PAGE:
A grapheme is a representation of a phoneme (sound). There are 3 key facts to remember about graphemes:
- A grapheme can be represented by 1/2/3/4 letters. The following are all graphemes
p, t, ai, ll, ck, sh, igh, eigh, ough
- A phoneme can be represented by different graphemes. The following words all contain the /ai/ phoneme (sound), but it is represented by a different grapheme in each word:
angel, late, train, lay, eight, straight
- A grapheme can represent more than one phoneme.
‘ea’ makes a different sound in ‘bread’ and ‘mean’
‘i’ makes a different sound in ‘milk’ and ‘mind’
The simplest graphemes are single letters of the alphabet eg 's', 't'. These are usually taught first.
A digraph is a grapheme in which 2 letters represent 1 sound eg ea in 'sea', ch in 'chin'.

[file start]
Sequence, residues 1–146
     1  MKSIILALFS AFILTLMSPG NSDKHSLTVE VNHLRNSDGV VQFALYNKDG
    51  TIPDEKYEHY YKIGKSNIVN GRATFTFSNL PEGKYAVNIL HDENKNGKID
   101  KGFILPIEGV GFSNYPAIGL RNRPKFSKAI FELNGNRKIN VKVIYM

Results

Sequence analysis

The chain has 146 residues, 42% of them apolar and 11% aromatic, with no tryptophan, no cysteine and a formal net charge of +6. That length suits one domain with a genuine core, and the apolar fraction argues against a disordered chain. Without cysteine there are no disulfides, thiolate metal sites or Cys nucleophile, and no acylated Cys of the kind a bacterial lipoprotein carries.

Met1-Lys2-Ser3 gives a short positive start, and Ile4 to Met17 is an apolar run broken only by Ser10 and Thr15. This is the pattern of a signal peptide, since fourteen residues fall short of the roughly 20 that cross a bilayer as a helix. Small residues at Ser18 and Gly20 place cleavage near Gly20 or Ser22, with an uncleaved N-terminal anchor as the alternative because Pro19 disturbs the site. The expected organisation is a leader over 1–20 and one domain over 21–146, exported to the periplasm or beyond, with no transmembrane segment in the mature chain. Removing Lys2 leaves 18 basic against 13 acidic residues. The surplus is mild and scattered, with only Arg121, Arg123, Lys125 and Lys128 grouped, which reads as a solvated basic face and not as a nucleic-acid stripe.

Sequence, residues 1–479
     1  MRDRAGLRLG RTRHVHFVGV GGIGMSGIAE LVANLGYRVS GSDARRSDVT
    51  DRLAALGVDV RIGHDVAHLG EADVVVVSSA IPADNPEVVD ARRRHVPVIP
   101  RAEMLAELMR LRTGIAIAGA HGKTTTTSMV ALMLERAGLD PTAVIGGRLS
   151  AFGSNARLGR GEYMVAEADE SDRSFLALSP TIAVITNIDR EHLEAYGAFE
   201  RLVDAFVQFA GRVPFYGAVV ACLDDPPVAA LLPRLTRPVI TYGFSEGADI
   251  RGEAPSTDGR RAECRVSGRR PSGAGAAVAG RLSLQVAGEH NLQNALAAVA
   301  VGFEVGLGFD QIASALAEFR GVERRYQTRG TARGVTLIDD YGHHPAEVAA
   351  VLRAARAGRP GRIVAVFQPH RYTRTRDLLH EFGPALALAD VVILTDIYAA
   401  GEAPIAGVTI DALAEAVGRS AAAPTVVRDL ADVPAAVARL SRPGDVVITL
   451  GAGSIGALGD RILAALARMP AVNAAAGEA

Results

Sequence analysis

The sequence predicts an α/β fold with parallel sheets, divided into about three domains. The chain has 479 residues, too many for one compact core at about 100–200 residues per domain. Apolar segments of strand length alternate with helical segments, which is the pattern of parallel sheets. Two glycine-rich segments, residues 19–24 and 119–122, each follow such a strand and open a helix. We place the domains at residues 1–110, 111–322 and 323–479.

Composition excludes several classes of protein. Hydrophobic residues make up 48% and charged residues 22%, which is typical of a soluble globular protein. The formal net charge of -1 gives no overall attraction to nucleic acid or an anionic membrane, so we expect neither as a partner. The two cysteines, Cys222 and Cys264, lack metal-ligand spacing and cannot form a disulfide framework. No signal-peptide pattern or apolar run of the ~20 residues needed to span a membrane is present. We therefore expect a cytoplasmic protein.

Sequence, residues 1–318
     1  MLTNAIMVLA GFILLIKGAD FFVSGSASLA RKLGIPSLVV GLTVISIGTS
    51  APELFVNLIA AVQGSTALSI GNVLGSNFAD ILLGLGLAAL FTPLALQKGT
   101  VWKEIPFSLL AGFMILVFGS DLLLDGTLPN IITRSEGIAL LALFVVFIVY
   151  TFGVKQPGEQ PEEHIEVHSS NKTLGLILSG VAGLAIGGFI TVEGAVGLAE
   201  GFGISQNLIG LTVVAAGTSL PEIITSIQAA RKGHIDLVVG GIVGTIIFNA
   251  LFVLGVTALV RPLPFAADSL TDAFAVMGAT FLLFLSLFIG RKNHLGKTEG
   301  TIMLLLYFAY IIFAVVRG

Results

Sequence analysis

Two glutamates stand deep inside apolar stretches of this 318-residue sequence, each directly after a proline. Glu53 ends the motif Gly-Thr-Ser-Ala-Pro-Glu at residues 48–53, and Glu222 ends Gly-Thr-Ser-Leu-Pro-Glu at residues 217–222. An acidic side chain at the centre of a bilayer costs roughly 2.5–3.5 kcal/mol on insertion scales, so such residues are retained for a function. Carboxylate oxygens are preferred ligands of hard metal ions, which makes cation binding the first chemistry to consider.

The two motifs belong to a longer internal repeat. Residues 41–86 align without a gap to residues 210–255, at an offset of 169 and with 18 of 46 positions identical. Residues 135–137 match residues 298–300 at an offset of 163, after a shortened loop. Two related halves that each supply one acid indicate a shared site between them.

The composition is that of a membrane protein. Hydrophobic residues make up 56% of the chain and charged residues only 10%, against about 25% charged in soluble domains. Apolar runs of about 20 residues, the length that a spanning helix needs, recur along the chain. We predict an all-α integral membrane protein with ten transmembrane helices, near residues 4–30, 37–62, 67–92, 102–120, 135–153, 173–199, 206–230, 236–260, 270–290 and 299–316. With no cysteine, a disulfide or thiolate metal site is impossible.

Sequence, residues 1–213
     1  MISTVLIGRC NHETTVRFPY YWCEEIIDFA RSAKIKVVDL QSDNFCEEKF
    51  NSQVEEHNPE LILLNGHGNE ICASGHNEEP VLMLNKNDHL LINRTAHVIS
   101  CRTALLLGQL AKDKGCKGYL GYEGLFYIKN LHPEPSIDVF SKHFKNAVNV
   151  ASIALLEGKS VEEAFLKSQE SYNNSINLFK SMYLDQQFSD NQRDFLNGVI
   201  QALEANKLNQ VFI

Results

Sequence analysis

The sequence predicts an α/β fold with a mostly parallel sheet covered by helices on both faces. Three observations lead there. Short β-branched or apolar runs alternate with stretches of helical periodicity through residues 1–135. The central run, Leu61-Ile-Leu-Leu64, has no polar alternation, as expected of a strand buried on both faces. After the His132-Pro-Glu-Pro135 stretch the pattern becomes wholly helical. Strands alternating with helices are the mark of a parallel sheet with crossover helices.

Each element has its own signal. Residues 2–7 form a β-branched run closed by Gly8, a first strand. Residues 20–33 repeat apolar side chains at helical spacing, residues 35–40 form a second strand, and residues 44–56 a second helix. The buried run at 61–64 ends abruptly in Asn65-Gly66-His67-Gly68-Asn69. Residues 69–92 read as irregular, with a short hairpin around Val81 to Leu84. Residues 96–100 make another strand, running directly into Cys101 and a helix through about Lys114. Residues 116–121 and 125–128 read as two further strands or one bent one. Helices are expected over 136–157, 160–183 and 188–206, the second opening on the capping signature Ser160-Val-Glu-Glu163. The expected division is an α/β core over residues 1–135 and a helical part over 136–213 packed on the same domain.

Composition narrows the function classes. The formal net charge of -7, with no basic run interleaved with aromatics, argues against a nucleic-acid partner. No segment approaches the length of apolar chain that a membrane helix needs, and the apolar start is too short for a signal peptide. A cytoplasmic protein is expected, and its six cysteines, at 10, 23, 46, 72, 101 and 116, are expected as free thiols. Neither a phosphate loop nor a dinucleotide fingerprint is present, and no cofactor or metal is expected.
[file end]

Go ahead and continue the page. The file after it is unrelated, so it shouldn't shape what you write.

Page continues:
A trigraph is a grapheme in which 3 letters represent 1 sound eg igh in 'night'.
Click here to go to a page listing the most common graphemes. Click on a grapheme to hear the sound(s) it represents.
Don't confuse digraphs with blends/clusters. A blend/cluster is a group of 2 or 3 letters making 2 or 3 separate sounds eg the letters in bold in lost, sprite.
You can distinguish a digraph (1 sound) from a blend/cluster (2/3 sounds) by noticing what happens in your mouth when you say the sound(s). Generally if your mouth, throat or lips move, your body is producing a different sound. Eg
When you say 'st', you will notice that your tongue moves up to the roof of your mouth to say the /t/, therefore the /s/ and /t/ are 2 separate sounds (a blend/cluster).
When you say ‘ip’, your lips move together to pronounce /p/, so /i/ and /p/ are separate sounds (a blend/cluster).
When you say 'oo', nothing moves, so it is 1 sound (a digraph).